by Reesa (Rooter) Marchetti, a more than occasional but less than regular Marble Bar performer
Prologue: This Berkeley, California-hippie and street musician returned home to South Jersey in 1970 as a passenger in pianist-songwriter Evan Hadley's van. Years of jams and recording sessions with brother Larry, Evan and other Philly-area cohorts followed.
In 1978, my younger brother Larry Laskey, and I would often jam on acoustic guitars to create moody songs with lyrics inspired by the news. After friends Bob Jay and Donny Buckley joined on electric guitar and bass, I booked us in a South Jersey tavern as Reesa and the Rooters, a blues-pop, semi-acoustic group. ["Silver Screen" live on WXPN radio.]
We added a drummer and continued to gig around Philadelphia and Jersey. I hand-lettered and cut and pasted graphics on all our literature, as well as putting up hundreds of posters and sending out mailing list postcards.
Philly fashion photographer Malcolm Berman saw me putting up posters wearing my space helmet, and then arranged for the band to pose on this rooftop facing the Ben Franklin Bridge.
After Larry switched to electric guitar and I started playing a Farfisa organ, the local media dubbed me “the queen of the new wave scene.” Cherie Rumbol, a cohort who played in South Jersey club bands, came in to replace the original bass player and to add another voice to the mix.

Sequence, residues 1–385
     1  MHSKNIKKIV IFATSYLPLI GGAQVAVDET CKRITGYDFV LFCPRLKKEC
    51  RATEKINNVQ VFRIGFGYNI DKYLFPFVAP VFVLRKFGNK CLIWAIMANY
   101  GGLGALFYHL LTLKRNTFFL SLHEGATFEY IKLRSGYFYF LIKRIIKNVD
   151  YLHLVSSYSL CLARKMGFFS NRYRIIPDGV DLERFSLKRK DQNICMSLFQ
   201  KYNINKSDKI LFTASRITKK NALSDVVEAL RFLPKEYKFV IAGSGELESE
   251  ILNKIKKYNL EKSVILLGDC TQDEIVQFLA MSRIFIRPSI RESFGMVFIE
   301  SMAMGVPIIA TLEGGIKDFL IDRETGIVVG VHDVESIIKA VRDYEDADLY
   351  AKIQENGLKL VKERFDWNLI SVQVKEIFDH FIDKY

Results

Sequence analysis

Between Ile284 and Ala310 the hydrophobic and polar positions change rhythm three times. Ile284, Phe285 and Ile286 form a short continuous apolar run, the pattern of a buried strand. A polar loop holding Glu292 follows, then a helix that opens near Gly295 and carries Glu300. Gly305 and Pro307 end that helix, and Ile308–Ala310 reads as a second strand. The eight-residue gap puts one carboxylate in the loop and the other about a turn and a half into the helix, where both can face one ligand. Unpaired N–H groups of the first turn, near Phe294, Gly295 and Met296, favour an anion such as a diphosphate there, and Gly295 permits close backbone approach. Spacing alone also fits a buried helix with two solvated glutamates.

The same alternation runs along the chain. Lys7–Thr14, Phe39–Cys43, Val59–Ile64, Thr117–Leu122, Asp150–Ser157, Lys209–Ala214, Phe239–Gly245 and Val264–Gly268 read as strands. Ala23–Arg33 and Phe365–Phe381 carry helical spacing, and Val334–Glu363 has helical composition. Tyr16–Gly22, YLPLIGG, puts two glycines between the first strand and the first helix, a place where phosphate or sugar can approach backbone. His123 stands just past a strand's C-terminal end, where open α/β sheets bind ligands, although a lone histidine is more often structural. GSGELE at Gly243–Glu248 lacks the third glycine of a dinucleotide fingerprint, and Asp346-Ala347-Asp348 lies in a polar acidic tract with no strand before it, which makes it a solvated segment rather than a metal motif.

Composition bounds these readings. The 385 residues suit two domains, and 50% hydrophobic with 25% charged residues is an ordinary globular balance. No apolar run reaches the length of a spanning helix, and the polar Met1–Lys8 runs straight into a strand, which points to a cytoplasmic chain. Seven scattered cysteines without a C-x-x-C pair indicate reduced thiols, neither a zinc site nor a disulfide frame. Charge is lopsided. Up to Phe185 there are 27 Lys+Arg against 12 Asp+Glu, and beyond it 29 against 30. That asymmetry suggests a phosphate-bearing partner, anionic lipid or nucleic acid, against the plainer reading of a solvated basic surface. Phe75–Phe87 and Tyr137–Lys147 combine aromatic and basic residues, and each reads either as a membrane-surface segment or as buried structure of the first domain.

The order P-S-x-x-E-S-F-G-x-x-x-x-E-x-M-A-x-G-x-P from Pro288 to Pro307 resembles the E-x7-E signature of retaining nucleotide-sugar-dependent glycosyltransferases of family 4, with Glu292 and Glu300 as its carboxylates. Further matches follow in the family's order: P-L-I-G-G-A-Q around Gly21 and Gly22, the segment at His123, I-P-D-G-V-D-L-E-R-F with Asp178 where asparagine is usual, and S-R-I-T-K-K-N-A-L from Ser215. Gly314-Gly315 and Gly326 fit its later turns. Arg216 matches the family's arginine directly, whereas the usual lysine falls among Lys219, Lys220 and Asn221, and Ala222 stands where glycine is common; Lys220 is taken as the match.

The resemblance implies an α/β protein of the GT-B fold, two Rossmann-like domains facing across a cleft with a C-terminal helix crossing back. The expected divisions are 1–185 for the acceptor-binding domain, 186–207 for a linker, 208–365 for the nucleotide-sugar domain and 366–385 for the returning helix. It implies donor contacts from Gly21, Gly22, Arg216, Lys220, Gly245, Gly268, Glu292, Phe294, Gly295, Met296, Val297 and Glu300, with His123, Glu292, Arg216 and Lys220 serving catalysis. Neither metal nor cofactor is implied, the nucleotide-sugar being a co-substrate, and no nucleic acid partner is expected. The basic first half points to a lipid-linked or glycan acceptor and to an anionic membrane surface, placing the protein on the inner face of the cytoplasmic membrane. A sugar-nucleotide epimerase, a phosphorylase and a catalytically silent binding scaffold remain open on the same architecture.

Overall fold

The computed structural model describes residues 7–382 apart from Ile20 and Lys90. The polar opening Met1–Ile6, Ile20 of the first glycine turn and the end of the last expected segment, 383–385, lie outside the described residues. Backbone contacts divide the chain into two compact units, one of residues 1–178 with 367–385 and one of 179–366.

The band and its music fit perfectly into the blossoming new wave scene in 1979. Except for some suburban clubs where people just didn’t get it, our skinny tied and spiked hair audiences and came ready to pogo or slam dance.
Gradually, the Rooters’ touring area expanded north to New York City, Connecticut, Providence, R.I., and the notorious Rat in Boston; west to Allentown and The Metron in Harrisburg; and south to Delaware, Bethesda, D.C., and the Marble Bar in Baltimore. [My Grip] live from Dundalk Community College video]
In response to the tape and press clippings I sent her, LesLee Anderson booked our first Marble Bar show on May 31, 1980. We jammed all the band equipment into my old Chevy wagon and drove the two hours down I-95. When we arrived at 306 W. Franklin St., Roger, LesLee’s husband and co-owner of the Marble, led us down a short flight of stairs to the basement of the Congress Hotel.
My brother and I toked regularly then. So when people began filling the hall and blowing quantities of cigarette and marijuana smoke, I felt like I had stepped into a comfortable shoe.
I still have a Rooters calendar listing eight Marble Bar appearances in 1980, several of them two-night, weekend bookings. (After a while, LesLee, as did most club owners, switched to booking bands for one-nighters only.) LesLee worked hard to match the Rooters with local acts that would improve our draw. Her choices usually succeeded: At most shows, we were greeted by fervent crowds storming the dance floor as soon as we played the first notes of our “wild, dirty, and fun” music. [November 1980 reviews of the Rooters' live at the Marble and at Omni's in Philly]
Larry’s lyrics, starting with “The Misogynist,” often centered on a fictional man who’s rude to the women who love him. In October 1980, a new version of the mythological jerk appeared on the Rooters’ first and only record release, “Ultraman in Surf Villa,” backed by the punk-rock anthem “TMI.” I was always a natural on stage, but it was my natural knack for promoting that helped push the single into a college radio hit.